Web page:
something to be desired

The hunt is sweeter than the kill. Because our imagination thrives on absence, we often don’t feel as fulfilled as we had anticipated when we finally get that object we so desired.

The risk increases depending on the emotional engagement, better yet, the lack thereof, with the actual object. It’s hard to form long-term emotional connections with things we possess. Post-purchase disappointment often kicks in hard when fantasy becomes a reality.

That’s why deferred gratification is often so rewarding. Resisting a temptation today in favor of a later (perhaps more significant) reward tomorrow.

Even though these principles are well known, they are poorly applied today. When you buy a new car, a rather significant purchase for most of us, nothing happens after signing on the dotted line. That’s basically adding fuel directly to the raging buyer’s remorse fire. After some months, you get a message from the dealership. You go to pick up your car, drive it off the lot, and that’s it. Good riddance.

Whether it’s a once-in-a-lifetime purchase or an ordinary commodity that gets bought all the time, leave your customer with something (extra) to be desired.

bend nor folio

Selling isn’t optional. Regardless of the type of company, industry in which it’s active, selling is always an integral part of running a business.

Some people seem to excel at selling, whereas to others, selling doesn’t come as natural (straight away).

References, on the other hand, aren’t optional either. Whether it’s a photographer’s portfolio, a corporate company’s case studies, a restaurant’s reviews…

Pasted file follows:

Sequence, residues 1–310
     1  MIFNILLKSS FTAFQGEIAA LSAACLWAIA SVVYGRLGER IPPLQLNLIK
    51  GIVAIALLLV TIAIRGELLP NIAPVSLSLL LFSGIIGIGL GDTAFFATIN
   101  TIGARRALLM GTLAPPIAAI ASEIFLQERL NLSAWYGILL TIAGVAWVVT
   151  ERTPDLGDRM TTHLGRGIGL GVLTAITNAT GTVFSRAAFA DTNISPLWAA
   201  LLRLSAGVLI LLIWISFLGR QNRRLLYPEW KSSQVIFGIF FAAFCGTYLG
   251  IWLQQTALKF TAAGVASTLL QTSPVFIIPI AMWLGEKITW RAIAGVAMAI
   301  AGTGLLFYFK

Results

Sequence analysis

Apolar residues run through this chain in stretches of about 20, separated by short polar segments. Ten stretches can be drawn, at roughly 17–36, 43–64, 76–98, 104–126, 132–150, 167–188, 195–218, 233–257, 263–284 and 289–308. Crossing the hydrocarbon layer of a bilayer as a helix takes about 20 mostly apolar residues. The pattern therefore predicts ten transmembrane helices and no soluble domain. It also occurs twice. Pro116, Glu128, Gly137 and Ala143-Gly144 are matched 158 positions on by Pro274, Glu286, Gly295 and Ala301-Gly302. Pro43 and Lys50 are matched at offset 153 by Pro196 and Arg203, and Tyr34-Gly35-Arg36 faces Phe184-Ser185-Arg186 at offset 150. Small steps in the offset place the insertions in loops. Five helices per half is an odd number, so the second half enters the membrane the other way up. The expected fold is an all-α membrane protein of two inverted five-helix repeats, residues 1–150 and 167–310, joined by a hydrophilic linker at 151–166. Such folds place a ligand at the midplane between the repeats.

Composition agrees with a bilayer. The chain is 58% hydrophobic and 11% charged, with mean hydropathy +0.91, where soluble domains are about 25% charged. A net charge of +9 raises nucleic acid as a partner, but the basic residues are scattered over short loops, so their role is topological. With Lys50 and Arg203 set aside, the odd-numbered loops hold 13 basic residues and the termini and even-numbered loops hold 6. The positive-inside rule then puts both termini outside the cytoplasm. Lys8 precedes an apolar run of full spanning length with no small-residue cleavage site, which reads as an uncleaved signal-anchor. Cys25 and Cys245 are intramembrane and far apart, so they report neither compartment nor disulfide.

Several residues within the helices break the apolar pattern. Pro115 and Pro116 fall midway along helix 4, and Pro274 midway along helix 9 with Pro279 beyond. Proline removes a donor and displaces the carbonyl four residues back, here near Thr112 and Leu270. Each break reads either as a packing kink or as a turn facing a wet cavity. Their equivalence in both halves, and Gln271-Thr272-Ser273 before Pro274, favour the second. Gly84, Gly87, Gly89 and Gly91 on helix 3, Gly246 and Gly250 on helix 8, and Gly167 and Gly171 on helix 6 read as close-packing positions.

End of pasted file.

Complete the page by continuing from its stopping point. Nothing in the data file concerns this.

If selling isn’t a particular entrepreneur (and their company’s) forte, the importance of the references increases. A portfolio that the creator can take genuine pride in is bound to ooze out passion. When your heart is all the way in it, it rubs off, selling your work for you almost automatically.

Selling and (the ability to show) references aren’t optional. If one doesn’t come naturally, compensate with the other.

perpetual training

Some skills required for running a business will never go out of fashion. Selling and leadership, to name two. These skills are required at each point throughout a company’s lifecycle, whether you’re just starting or are heading a company that has existed for decades.

Some positions or roles within a company facilitate continuous improvement of those skills more than others. Training opportunities might not present themselves. If so, they should be actively sought out. A side business or project could be fertile ground for brushing up those skills.

Always embrace learning opportunities.

channel growth

One cargo ship getting stuck in a canal blocking global trade is a rather unfortunate event. Yet every business has similar events waiting to unfold. One mishap with the potential to block your entire sales pipeline. A disaster making your business come to a grinding halt.

There are two ways to go about this problem.

One way is to invest in growth. We could make the canal both wider and deeper. We could invest in technology to guide more vessels through in less time, thus increasing throughput. Translation; increase sales funnel capacity by increasing productivity. We can achieve this by having the right amount of people, using the right tools and processes to reach maximum efficiency.

These initiatives will surely pay for themselves as growth is certified. However, these actions don’t take a potential disaster into account.

Another way to go about this problem is to invest in conflict resolution. A procedure that describes what to do in case of emergency. The right people with the right skills and equipment with a clearance to respond to a call of distress.

Short-term growth is increasing bandwidth today. Long-term growth is eliminating bandwidth shrinkage tomorrow.